At that point, sense, logic, and sanity abandoned ship. He was alive, and that was all that mattered.
“I want to see him,” I demanded.
“That’s not practical,” Missy began, but Frankie cut her off.
“No, it’s not practical or perhaps the best advised situation, but she’s been waiting in that chair for almost seventy-two hours straight. Do what you need to do to get her in there to see him.” Frankie insisted. I’d never been more grateful for anyone ever in my entire life.
Missy gave me a look like I would regret having Frankie step in for me—but I didn’t care. I was willing to pay any price to see with my own eyes that he was alive. Any price at all.
It took us the better part of two hours for me to be ready enough for Missy’s satisfaction. I had to be scrubbed and sanitized and specially dressed. But I took it all patiently. He was alive.
Finally, they let me in. I’d been warned that he wouldn’t look like he normally did, that with the injuries and swelling, and some of the work that they had to do to keep him alive—but I still didn’t care. He couldn’t sit up, or really smile, but he did raise a couple of fingers in hello.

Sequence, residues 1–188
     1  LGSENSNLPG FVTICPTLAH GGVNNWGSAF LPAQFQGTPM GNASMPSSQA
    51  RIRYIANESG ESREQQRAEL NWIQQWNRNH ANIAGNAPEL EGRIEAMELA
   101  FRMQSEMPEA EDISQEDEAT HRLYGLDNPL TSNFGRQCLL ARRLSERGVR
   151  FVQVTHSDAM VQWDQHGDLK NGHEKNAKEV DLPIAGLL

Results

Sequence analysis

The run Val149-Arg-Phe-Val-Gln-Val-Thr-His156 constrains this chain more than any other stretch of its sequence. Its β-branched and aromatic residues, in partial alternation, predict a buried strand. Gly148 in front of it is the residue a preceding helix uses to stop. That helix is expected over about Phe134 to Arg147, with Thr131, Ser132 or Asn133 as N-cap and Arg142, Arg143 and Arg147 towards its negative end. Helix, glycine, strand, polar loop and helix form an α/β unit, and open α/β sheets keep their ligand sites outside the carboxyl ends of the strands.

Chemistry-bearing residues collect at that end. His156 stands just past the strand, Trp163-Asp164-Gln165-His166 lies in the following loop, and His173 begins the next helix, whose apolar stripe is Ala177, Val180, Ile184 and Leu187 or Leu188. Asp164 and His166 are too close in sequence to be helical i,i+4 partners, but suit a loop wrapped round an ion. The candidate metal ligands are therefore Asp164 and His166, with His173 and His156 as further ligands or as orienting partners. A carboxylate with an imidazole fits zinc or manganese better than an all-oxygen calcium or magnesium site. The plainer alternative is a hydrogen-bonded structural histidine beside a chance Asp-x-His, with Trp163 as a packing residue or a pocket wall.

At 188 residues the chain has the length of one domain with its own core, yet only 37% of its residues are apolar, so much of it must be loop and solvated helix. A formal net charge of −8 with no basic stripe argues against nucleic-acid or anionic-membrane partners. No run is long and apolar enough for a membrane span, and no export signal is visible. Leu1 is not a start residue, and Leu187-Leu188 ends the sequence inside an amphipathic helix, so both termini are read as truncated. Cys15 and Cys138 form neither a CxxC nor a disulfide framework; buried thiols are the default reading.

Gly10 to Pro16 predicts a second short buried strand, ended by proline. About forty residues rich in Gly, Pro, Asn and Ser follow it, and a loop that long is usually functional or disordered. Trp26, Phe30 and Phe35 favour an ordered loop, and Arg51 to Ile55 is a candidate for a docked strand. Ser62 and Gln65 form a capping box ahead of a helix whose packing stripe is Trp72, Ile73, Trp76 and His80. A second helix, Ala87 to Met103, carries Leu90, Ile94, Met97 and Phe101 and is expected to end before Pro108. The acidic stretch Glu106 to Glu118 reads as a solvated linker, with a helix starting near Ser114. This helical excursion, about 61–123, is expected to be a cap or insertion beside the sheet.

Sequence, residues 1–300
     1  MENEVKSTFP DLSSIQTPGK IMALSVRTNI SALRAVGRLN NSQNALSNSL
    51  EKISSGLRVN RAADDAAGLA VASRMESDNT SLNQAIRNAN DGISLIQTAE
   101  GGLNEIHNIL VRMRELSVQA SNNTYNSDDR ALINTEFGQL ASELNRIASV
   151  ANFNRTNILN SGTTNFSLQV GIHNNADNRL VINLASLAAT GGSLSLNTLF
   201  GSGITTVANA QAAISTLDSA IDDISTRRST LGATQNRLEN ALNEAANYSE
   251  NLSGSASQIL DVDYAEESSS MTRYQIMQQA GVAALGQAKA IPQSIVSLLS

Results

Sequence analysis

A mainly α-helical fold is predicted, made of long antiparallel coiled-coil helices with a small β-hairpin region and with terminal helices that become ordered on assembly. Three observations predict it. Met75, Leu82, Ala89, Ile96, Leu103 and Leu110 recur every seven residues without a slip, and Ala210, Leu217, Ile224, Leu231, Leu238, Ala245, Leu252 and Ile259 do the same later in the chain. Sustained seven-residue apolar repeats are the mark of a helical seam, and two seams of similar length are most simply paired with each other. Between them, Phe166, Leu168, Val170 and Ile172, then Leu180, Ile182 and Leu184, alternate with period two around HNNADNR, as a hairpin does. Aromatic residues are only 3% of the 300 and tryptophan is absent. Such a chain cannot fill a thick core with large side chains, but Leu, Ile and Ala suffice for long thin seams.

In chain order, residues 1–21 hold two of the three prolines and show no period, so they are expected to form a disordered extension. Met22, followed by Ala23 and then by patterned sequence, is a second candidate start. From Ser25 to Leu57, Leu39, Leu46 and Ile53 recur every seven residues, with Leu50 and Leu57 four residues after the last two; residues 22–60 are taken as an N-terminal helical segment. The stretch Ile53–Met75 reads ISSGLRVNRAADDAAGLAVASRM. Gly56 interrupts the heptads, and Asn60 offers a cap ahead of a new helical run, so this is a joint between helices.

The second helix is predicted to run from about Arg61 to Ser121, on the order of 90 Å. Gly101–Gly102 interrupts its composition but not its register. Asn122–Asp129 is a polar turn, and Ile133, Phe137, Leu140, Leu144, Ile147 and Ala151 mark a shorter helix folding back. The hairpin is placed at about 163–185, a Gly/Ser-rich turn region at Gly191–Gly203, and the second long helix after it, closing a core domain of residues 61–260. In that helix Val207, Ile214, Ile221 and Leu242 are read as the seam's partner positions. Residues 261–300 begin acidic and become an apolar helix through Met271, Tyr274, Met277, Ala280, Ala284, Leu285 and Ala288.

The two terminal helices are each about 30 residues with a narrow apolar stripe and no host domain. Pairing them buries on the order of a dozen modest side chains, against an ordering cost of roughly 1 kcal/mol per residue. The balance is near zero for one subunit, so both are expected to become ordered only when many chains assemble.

Frankie reappeared, after being strangely absent during my scrubbing and sanitizing, and showed ushered me forward so I could take his unbound hand. “He can’t really talk,” She told me, but we’ve been working on blink once for yes, twice for no. It’s been working pretty well for us thus far.”
“Hey, sweetie,” I whispered, giving his hand a little squeeze. “You know who I am, right?”
He blinked once, and I was so glad that we at least still had that. “We’ll get through this, okay?”
He blinked once more, and my heart flew.